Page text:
Put on those hiking boots: walking in London

When I first visited London as a teenager and tried to find my way around on foot, I ended up going around in circles and getting hopelessly lost. For a long time after that I always relied on the underground: at least I could hop on another train if I found myself going in the wrong direction, which did happen a few times…! I don’t think I could have then imagined myself saying this but London is best experienced and discovered walking. You can cover more ground and get a better overview by travelling by train or bus but to really notice the sometimes quirky details, appreciate the range of architecture on one street alone, and soak up the atmosphere in the fascinatingly different areas, you need a slower pace and a good pair of walking shoes.

A quick look online gives you a multitude of options if you are interested in joining a themed tour with a guide. Whether you are into James Bond, Shakespeare, Harry Potter, cocktails, rock stars, or Westminster Abbey, there is a walk for you. Some are free of charge but many you need to pay for so do check in advance.

If you would rather explore on your own but don’t know where to start, walk books and cards are a great inspiration – and completely free if you get them from the library. In addition to the expected route description and length, they give the minimum time, ascent/gradient, landscape, and even the location of public toilets. Choose from exploring the Docklands or Jack The Ripper’s East End, trace the route of the Great Fire of London, or discover some of the abandoned tunnels and secret doorways of disused underground and railway stations.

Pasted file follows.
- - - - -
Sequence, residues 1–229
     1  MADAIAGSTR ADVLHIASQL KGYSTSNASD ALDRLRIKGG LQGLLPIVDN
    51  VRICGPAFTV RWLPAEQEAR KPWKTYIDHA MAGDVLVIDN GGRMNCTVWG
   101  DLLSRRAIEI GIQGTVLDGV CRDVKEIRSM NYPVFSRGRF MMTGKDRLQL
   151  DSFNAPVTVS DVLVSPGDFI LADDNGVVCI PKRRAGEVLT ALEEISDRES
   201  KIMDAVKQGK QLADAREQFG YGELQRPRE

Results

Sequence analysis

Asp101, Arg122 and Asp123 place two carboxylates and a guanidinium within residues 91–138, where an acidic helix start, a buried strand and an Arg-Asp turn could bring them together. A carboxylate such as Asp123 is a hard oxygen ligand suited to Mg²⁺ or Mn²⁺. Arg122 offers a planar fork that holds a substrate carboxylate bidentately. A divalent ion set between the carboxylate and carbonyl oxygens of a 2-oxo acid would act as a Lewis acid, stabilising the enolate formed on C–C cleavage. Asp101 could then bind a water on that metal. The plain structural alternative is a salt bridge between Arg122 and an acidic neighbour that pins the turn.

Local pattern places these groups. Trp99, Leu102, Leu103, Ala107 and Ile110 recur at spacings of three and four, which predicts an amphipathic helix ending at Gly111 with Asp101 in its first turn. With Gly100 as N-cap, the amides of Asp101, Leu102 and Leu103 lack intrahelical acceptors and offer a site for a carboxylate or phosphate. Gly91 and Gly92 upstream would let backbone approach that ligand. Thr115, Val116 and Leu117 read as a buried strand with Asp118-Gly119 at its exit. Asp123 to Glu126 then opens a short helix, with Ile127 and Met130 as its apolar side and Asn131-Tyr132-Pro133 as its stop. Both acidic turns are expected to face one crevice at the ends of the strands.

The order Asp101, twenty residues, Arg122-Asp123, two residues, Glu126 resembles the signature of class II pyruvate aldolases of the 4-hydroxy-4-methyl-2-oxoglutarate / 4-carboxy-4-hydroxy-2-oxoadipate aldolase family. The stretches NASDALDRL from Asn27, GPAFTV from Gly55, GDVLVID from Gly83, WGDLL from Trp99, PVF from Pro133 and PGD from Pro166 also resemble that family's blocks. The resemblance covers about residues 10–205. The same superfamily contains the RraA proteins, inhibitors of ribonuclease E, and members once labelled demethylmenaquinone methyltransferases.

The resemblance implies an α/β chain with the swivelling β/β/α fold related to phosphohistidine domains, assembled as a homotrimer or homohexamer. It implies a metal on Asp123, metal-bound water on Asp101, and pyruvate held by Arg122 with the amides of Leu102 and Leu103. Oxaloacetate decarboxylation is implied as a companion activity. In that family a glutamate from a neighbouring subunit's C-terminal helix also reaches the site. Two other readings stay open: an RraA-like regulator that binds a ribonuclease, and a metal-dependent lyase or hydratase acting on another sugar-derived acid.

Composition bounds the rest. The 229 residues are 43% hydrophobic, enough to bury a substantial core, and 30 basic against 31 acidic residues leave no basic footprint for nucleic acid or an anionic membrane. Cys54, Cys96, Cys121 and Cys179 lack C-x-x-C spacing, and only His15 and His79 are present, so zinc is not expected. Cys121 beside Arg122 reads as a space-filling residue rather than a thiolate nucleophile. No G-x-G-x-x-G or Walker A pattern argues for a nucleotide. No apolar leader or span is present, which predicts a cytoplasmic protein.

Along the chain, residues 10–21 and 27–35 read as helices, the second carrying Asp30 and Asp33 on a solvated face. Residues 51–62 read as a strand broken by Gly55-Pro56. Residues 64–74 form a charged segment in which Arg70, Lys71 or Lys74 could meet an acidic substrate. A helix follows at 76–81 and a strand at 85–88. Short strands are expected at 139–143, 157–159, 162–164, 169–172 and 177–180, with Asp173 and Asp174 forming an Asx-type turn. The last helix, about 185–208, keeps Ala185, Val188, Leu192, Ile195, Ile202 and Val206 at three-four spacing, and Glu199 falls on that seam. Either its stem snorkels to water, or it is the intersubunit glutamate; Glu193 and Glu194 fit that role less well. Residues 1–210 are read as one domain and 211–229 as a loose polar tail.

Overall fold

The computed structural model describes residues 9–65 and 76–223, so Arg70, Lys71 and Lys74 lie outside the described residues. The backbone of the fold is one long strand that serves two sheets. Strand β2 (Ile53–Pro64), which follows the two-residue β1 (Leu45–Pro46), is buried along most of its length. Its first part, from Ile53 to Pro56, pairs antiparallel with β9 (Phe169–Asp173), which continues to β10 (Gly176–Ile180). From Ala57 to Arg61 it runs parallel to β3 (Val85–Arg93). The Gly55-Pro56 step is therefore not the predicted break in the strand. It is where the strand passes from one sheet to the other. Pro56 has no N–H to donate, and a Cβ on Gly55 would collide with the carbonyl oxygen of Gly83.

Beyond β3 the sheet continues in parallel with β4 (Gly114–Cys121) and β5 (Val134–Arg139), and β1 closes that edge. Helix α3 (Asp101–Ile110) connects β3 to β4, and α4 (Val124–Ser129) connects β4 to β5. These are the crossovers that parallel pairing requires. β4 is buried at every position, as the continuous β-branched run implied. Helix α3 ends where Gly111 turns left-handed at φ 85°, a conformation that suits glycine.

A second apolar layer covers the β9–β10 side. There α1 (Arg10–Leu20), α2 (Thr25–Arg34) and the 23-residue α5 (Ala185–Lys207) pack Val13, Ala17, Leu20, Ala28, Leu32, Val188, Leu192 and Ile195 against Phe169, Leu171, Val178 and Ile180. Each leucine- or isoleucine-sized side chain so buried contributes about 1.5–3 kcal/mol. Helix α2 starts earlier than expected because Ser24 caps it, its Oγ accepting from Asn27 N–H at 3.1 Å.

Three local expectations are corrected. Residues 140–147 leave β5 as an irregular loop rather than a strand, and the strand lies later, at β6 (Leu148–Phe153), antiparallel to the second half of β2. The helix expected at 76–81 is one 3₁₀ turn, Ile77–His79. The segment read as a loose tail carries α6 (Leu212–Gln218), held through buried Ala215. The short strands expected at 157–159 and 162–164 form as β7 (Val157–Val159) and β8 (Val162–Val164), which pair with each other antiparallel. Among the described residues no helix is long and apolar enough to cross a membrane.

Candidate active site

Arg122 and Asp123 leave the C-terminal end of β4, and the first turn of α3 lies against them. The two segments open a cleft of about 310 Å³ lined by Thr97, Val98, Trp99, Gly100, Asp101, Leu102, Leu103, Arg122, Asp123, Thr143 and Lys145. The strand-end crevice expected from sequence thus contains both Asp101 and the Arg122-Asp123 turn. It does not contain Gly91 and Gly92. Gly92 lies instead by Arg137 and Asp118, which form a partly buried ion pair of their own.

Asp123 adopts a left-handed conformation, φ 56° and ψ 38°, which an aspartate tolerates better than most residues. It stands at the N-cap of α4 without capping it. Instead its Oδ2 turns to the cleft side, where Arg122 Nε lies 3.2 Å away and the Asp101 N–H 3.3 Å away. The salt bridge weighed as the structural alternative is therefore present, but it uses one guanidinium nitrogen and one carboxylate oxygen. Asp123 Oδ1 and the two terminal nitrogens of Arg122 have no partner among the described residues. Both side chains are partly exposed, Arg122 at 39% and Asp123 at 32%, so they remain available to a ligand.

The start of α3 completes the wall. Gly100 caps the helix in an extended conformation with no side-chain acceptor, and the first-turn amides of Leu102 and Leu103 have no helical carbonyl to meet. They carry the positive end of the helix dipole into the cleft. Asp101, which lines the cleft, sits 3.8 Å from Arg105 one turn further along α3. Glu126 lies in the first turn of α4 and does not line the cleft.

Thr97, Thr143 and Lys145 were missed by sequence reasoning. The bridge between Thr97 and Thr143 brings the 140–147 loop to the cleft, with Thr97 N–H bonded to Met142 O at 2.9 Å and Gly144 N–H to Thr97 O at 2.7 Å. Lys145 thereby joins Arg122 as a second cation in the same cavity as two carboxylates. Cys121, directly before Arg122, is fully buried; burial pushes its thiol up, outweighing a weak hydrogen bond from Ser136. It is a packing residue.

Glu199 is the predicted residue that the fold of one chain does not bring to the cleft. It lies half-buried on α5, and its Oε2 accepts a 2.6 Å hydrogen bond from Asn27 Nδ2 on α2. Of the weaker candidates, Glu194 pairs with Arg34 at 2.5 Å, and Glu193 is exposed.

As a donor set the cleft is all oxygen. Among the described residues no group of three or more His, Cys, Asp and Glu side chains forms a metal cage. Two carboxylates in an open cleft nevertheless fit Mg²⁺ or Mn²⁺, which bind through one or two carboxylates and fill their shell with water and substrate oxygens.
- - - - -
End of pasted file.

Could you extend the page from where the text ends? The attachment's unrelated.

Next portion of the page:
I often use a guide book as a starting point and improvise the walk as I go along. After all, there are so many narrow lanes to investigate and beautiful canal paths to follow so you are excused for getting distracted. Among many other quirky and inspiring places, my random walks have taken me to the Marc Bolan memorial in Barnes, Russia Dock woodland in Rotherhite that still contains old mooring chains from the time it was used as a dock, a bat sanctuary in the old Highgate railway tunnels, the ‘curry and street art haven’ in Brick Lane, and the fake building frontage at 23-24 Leinster Gardens (you have to look twice to realise the windows of the ‘houses’ are just painted on the walls!).

Of course, you can just walk. Follow the river, follow the canal, stop for a coffee and croissant at the food market for a spot of people watching, explore the side streets, watch the birds and deer in the parks, climb the hills for fabulous views. Hop on the bus or train to explore a borough you don’t know or venture further afield in an area you do know to see what else is there. Look up for beautiful and eccentric architectural details, look around for surprising bits of street art lurking in the shadows. By simply walking, looking, and absorbing you may cover a longer distance you expected – for many of us a welcome feeling especially after the festive season!





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